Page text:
Biodiesel Sources

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Demand for biodiesel in the Philippines is on the rise since a regulation requiring that a proportion of the environmentally friendly product be blended into the country's fuel supply came into effect six months ago. Officials are now considering how the country will boost local production of biodiesel to meet, and exceed, the standards imposed by the law.

The Biofuels Act, which was signed into law by President Gloria Macapagal Arroyo on January 12, 2007, specifies that a minimum of 1% biodiesel by volume should be blended into all diesel engine fuels sold in the country. The law also states that a 2% increase should take place next year, subject to study and consultations with the affected sectors.

Peter Anthony Abaya, the president of the Philippine National Oil Company - Alternative Fuels Corporation (PNOC-AFC), told OBG, "The 1% mandated biodiesel blend translates to a demand of 78m litres. If the country guns for 20%, within 10 years it will increase to more than 500m litres."

Biodiesel refers to fuels derived from vegetable oils or animal fats and other biomass-derived oils. As oil prices continue to surge, biodiesel becomes an increasingly attractive energy source, though due to its low efficiency it cannot totally replace traditional fuels. Biodiesel is especially attractive for low oil-producing countries such as the Philippines.

The Philippines' supply is currently derived from coconut oil and is known as coconut methyl ester (CME), colloquially called coco-biodiesel. Nine companies supply the local economy with 286.9m tonnes.

According to officials at Chemrez, one of the major manufacturers of CME in the Philippines, the country is fully prepared to handle a 2% blend, but any further increases would leave the Philippines in short supply.

Both the private and public sectors have taken measures to increase output capacity of CME, but face many challenges including high costs, limited availability of land and the possibility of rising food prices if coconuts are processed for fuel rather than consumption. In order for biodiesel production to be commercially viable, large commercial holdings spanning many hectares are required. Following land reform in the Philippines, many agricultural holdings are too small to see a significant profit from coconut cultivation for CME. The government's role in organising cooperatives and encouraging production will be crucial to a successful biodiesel scheme for the country.

"The greatest challenge is to be able to give incentives to the coconut farmers to increase production through fertilization and massive replanting," Melot Santos, the president and CEO of Senbel Fine Chemicals, a CME producer in Malaysia, told OBG.

Therefore, the PNOC-AFC, a government-owned corporation that has been mandated to explore, develop and promote the utilisation and commercialisation of alternative fuel, has decided to invest in the development of an alternative source for biodiesel.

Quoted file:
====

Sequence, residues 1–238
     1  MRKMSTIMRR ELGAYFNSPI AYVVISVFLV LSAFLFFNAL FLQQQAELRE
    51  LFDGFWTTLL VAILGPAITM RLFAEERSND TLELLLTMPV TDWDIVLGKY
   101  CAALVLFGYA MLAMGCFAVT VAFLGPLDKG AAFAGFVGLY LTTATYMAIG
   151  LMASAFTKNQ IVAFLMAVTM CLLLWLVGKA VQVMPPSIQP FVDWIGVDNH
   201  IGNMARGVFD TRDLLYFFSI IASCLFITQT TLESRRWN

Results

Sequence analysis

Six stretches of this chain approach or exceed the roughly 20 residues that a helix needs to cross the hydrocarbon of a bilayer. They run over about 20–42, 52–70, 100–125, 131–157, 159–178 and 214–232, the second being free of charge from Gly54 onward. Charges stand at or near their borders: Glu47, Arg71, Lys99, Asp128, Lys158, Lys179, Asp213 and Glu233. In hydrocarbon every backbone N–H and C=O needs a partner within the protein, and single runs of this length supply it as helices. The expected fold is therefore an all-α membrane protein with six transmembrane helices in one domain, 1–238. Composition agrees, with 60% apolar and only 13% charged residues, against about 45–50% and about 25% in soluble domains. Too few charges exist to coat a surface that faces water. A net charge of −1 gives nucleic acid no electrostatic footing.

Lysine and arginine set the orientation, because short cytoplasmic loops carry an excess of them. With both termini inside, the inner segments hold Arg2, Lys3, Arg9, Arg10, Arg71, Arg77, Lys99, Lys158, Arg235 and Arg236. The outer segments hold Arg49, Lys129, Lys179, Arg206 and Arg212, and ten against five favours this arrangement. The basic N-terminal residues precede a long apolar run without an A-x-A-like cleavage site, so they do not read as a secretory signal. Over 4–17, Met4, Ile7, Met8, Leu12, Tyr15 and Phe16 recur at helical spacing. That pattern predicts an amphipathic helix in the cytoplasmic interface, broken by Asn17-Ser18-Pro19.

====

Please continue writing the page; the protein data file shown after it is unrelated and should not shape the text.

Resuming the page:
Jatropha curcas or "Tuba tuba", as it is known in the Philippines, is a non-edible plant that grows primarily in tropical countries. The jatropha plant, depending on the quality of the soil, can yield an annual equivalent of 0.75 to 2 tonnes of biodiesel per hectare (ha).

"It does not threaten food security. It grows in idle marginal unproductive land, which we have a lot of in the Philippines. Jatropha does not require the clearing of forest or fruit plantations mainly because it is a consistent, tough crop that grows anywhere. We can also produce it at a lower cost, which is what matters most to the industry," Abaya told OBG.

By next year, PNOC-AFC intends to plant over 140,000 ha of jatropha, with the ambition of reaching 700,000 ha by 2010, resulting in over 1mn tonnes of biodiesel - roughly 2.1bn litres. While finding appropriate land is a crucial issue for coconut crops, the government does not foresee a similar problem with the less demanding jatropha plant. Angelo T Reyes, the secretary of energy, told local media that with 5m ha of "plantable, cleared areas" available and with evenly distributed rainfall, there should be no barrier to a good harvest.

PNOC-AFC's goal of 700,000 ha will not only meet domestic demand, but also exceed it. The agency intends to position the Philippines as a global supplier of biodiesel.

"The fact that we passed both European and American standards has opened a large market. Knowing that the European market is the largest in the world and will continue to expand because of its mandates, and knowing that the US market is expanding aggressively, we feel that the opportunities are boundless," Abaya told OBG.

According to the International Energy Association, global demand for biodiesel is expected to reach 10.5bn litres by 2010.

Abaya also cited the positive effect jatropha cultivation would have on the local economy. The PNOC-AFC estimates that more than 350,000 new jobs will be created in harvesting, planting and refining the crop by 2012.

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